Do you ever give yourself permission to be distracted? What positive distractions have you experienced lately? Why not distract the rest of the community in the comments!

neil_2017_2Neil Hughes is the author of Walking on Custard & the Meaning of Life, a hilarious and useful guide to life with anxiety, and The Shop Before Life, a novel set in the prelife. He also spends his time on humorous talks about mental health, standup comedy, physics, computer programming, and everything from music, video games, languages and pub quizzes. He struggles to answer the question “so, what do you do?” and is worried that the honest answer is probably “procrastinate.” He would like it if you said hello at enhughesiasm.com.

18 Comments

  1. Maryske says:

    Great article, Neil! Right – next time I’ll be trying *not* to think about something, I’ll be thinking about orange penguins… LOL

    Hm… some of my positive distractions, eh? I’ve developed a sudden love for walking recently; just exploring the village or the nearby woods.
    Singing is an oldie, but one I happily let myself distracted by.
    Youtube – the trouble is that it’s so addictive that it’s hard to turn away (“Now this is *really* the last one… or no, just this one more… and this one looks like fun… and no, I want to see that one, too, before I quit…” etc…)
    And another oldie: reading. Especially thrillers lately – I can immerse myself in those for the whole day. I’ve recently discovered German thrillers – they’re great! (Possibly simply because I’m far more familiar with the setting than the average American one ;-)
    Cooking is another one. Always fun. And delicious. For today, I’m planning to make panna cotta. Never made it myself before, but I love it, so…
    Oh, and I’m actually kind of distracting myself by beginning a new job search. Which feels incredibly ‘good’ (like you say “a good dog”…), because my current employer wants to keep me on for next year, so I don’t *have* to look for another job. Only… as a true multipod, I really feel the need to change careers…

    And giving myself permission to be distracted: to be honest, it feels like I do so a little too often. But once I do so (too often or not), I fortunately feel no remorse throwing myself into the distraction. So I guess that’s good ;-)

    • Neil Hughes says:

      This is really good, thanks Maryske! Sorry to have infected you with the image of orange penguins that I’ve been struggling with! But I love all of these distractions. Walking is hard right now as we’re not *really* allowed during lockdown, but I’m excited to get out to the countryside once things go back to normal. And I’m very jealous of your panna cotta…

      • Maryske says:

        Well, it got postponed till today – I haven’t done it yet. If it wouldn’t get so messy, I’d like to send you a portion!

        Living in the world’s exception to lockdown, fortunately walking is not banned here… yet.

        • Neil Hughes says:

          haha that would be a messy package to receive but I like the idea!

          Walking isn’t *quite* banned here, but short-ish walks close to home are preferred so I can’t easily go on long treks through the country, sadly. Glad you’re enjoying them on our behalf in the meantime! :)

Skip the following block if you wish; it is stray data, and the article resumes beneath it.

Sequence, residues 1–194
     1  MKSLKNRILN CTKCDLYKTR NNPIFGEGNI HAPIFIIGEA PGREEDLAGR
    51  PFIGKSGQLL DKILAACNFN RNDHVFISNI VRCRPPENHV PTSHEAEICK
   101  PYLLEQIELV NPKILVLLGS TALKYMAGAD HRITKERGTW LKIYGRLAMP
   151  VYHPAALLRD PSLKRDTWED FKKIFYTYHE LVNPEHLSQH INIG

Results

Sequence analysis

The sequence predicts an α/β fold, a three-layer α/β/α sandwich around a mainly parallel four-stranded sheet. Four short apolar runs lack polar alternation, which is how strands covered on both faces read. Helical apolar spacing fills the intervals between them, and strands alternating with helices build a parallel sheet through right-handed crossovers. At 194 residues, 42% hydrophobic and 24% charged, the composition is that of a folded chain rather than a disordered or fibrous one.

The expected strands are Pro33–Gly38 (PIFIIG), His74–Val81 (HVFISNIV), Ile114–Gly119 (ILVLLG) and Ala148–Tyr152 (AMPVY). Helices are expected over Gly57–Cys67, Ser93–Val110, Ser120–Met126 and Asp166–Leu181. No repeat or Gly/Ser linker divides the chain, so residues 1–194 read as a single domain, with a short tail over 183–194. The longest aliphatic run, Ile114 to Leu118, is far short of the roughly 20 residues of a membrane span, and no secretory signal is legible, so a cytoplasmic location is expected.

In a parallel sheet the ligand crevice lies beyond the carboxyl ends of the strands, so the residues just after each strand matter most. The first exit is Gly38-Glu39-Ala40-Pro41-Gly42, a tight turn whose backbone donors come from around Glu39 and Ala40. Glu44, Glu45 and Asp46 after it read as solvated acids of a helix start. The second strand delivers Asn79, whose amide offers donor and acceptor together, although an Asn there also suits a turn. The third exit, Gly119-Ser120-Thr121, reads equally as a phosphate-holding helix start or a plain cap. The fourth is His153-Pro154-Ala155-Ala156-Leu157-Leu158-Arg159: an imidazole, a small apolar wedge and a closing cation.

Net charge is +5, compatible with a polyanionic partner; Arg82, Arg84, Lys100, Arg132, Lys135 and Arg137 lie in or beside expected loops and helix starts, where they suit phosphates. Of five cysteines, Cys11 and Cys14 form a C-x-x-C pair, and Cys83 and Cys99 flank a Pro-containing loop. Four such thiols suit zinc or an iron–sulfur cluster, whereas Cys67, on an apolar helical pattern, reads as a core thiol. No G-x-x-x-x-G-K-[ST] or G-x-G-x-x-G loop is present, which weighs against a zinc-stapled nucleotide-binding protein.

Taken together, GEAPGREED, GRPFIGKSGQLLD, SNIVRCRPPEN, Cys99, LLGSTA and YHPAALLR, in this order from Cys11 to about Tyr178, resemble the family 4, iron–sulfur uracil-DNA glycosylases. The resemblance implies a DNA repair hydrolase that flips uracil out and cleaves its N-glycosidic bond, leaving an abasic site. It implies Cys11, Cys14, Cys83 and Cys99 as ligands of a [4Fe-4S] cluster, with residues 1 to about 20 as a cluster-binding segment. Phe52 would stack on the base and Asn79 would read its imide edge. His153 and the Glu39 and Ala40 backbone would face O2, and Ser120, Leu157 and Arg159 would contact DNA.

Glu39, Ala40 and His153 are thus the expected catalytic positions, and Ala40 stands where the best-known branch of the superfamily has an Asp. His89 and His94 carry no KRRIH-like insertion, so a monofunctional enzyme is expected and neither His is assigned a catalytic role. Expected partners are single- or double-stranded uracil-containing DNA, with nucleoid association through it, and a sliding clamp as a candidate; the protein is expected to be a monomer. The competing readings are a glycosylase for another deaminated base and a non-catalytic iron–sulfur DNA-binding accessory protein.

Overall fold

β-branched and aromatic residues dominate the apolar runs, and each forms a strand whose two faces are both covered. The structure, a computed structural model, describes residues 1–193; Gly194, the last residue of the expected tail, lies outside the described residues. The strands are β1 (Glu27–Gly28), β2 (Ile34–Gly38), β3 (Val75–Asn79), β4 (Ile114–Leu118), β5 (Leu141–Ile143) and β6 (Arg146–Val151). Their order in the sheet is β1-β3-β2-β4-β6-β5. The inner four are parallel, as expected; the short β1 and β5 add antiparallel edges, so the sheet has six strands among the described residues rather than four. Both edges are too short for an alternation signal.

• Maryske says:

            LOL Who ever said anything about long treks through the country? All I’m doing is exploring the woods around town here. I don’t think I get further than a few kilometres… I just came back from one actually. Next time, I’ll be thinking of you, imagining you’re walking along with me, okay? :-D Better than nothing, if you can’t have your own long treks…

  2. Kyle Bachman says:

    What a topic this is! A couple of thoughts…. knowing that you are distracted is mindful IF you use that as information. A very fine therapist taught me that it is wise to look at my distractability with curiousity rather than judgement. This led me to consider when it was arising and when it wasn’t… was I distracted at my job because it was unfulfilling? Was it telling me there is something missing? What am I doing when I am least likely to notice shiny bright objects? Certainly there is an element of this that is a function of my temperment and that can always be cause for celebration. But if I am doing what I was created, sent, came to the world to do– perhaps there is less distraction because more of the present moment is the bright and shiny thing?!

  3. Amy DeStefanis says:

    Yesterday, I was definitely feeling distracted. Enough to mention it to my husband. I do have things I’d like to be productive with – so, I struggled through making some masks for family members who are nurses. I’m not a quick sewist (sewer just doesn’t look right). BUT, I will get faster. One of my multipotentialite things about 2 years ago was learning to sew, and quilt.

    Then, I decided to go back to school and retool my software development skills (after abandoning the corporate world years ago). So, this is my second semester back at square one after 20 years in the industry and a MS in MIS – taking “modern” software development classes. (There’s nothing new under the sun – just new words for it, just FYI). To that end, I had a project and a Quiz due today. Just finished the quiz (96%, and I could make a good argument about why the quiz answer was wrong on the one I missed…. :) Am I the only person who does that?)